Access

You are not currently logged in.

Access your personal account or get JSTOR access through your library or other institution:

login

Log in to your personal account or through your institution.

If You Use a Screen Reader

This content is available through Read Online (Free) program, which relies on page scans. Since scans are not currently available to screen readers, please contact JSTOR User Support for access. We'll provide a PDF copy for your screen reader.

A DEAD-Box Protein Alone Promotes Group II Intron Splicing and Reverse Splicing by Acting as an RNA Chaperone

Sabine Mohr, Manabu Matsuura, Philip S. Perlman and Alan M. Lambowitz
Proceedings of the National Academy of Sciences of the United States of America
Vol. 103, No. 10 (Mar. 7, 2006), pp. 3569-3574
Stable URL: http://www.jstor.org/stable/30048628
Page Count: 6
  • Read Online (Free)
  • Subscribe ($19.50)
  • Cite this Item
Since scans are not currently available to screen readers, please contact JSTOR User Support for access. We'll provide a PDF copy for your screen reader.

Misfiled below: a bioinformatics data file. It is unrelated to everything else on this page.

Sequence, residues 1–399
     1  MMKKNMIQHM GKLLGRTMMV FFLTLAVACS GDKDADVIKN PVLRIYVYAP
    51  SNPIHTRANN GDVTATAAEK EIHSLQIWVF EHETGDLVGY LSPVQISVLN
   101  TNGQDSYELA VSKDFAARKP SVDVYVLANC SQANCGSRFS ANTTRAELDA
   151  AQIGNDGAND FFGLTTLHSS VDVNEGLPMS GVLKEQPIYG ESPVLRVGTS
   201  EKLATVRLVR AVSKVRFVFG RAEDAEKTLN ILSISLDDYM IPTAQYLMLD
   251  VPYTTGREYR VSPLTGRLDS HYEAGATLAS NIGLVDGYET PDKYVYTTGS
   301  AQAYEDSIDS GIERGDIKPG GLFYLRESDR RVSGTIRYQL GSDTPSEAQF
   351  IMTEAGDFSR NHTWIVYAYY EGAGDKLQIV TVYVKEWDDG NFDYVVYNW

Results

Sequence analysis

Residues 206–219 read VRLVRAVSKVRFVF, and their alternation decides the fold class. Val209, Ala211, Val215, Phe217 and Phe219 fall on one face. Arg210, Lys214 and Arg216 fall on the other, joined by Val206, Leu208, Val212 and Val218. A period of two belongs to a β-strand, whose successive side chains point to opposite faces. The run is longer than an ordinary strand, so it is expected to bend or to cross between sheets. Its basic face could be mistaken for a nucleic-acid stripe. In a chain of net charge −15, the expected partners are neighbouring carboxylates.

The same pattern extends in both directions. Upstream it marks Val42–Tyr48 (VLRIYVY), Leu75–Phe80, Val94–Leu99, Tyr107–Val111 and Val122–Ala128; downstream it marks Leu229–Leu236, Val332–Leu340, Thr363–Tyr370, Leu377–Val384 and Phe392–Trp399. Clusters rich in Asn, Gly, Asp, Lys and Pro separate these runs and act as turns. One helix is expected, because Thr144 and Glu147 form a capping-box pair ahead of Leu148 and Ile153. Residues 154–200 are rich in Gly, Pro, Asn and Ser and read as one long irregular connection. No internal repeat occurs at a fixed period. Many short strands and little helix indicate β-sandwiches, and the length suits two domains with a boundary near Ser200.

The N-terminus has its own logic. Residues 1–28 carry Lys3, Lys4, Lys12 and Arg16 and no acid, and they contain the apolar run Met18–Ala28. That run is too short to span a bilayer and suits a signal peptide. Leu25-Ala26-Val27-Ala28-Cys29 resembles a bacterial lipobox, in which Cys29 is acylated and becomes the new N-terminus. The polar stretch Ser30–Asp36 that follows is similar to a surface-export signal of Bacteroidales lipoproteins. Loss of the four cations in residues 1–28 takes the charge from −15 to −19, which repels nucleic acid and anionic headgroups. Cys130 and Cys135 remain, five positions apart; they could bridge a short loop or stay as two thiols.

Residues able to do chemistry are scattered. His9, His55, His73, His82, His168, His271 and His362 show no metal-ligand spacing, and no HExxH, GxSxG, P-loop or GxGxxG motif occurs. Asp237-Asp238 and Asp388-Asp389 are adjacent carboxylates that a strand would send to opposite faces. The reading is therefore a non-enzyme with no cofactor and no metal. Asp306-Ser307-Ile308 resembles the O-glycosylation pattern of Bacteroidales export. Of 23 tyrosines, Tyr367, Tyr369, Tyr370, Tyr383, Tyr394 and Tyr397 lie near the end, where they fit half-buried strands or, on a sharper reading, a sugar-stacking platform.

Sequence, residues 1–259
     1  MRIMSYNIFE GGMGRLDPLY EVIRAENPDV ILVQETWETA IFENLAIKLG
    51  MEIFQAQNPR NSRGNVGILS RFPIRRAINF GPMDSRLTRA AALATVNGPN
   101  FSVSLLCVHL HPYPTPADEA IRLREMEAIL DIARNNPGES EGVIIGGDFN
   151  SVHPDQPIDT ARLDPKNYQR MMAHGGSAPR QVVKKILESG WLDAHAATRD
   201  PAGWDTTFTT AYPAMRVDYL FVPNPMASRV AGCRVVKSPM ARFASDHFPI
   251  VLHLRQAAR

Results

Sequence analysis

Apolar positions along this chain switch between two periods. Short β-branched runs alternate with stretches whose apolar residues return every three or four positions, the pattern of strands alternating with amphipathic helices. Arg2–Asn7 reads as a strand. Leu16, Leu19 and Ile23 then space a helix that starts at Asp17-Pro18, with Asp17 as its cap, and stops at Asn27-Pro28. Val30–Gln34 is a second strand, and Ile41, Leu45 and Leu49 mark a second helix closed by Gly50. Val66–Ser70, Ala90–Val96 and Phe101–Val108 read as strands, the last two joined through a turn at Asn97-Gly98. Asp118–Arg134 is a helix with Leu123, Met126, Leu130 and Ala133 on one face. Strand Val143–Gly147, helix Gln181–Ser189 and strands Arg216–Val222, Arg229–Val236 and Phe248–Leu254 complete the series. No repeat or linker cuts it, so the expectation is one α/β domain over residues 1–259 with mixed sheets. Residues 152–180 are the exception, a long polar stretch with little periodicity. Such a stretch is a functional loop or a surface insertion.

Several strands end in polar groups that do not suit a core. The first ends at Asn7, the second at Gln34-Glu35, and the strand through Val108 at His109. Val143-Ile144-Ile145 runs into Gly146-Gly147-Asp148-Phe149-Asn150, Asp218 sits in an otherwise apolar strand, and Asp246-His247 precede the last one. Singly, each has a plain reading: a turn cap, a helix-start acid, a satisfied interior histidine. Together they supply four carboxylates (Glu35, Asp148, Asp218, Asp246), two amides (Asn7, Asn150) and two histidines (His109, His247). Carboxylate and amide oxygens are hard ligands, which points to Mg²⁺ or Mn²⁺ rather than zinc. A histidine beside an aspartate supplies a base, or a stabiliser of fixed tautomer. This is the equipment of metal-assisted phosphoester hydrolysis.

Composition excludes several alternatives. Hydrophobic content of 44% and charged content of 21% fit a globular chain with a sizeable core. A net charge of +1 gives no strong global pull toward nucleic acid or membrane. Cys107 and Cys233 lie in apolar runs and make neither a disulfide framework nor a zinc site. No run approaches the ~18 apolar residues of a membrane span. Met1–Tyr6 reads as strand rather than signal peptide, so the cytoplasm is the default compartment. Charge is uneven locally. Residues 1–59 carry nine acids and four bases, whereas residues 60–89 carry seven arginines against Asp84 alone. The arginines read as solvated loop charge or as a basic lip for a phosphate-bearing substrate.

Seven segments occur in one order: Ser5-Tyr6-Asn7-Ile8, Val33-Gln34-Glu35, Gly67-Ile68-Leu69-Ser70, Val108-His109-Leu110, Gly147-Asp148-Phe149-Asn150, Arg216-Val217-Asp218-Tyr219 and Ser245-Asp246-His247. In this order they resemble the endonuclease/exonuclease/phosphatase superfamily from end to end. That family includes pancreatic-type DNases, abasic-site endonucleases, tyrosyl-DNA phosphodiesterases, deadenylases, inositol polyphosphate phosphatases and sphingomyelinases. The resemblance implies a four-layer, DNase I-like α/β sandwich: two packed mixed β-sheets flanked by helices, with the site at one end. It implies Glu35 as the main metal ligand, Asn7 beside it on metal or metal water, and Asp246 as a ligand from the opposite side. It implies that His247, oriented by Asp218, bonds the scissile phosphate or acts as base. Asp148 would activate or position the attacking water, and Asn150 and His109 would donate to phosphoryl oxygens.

A DEAD-Box Protein Alone Promotes Group II Intron Splicing and Reverse Splicing by Acting as an RNA Chaperone
Preview not available

Abstract

Group II intron RNAs self-splice in vitro but only at high salt and/or Mg²⁺ concentrations and have been thought to require proteins to stabilize their active structure for efficient splicing in vivo. Here, we show that a DEAD-box protein, CYT-19, can by itself promote the splicing and reverse splicing of the yeast al5γ and bll group II introns under near-physiological conditions by acting as an ATPdependent RNA chaperone, whose continued presence is not required after RNA folding. Our results suggest that the folding of some group II introns may be limited by kinetic traps and that their active structures, once formed, do not require proteins or high Mg²⁺ concentrations for structural stabilization. Thus, during evolution, group II introns could have spliced and transposed by reverse splicing by using ubiquitous RNA chaperones before acquiring more specific protein partners to promote their splicing and mobility. More generally, our results provide additional evidence for the widespread role of RNA chaperones in folding cellular RNAs.

Page Thumbnails

  • Thumbnail: Page 
3569
    3569
  • Thumbnail: Page 
3570
    3570
  • Thumbnail: Page 
3571
    3571
  • Thumbnail: Page 
3572
    3572
  • Thumbnail: Page 
3573
    3573
  • Thumbnail: Page 
3574
    3574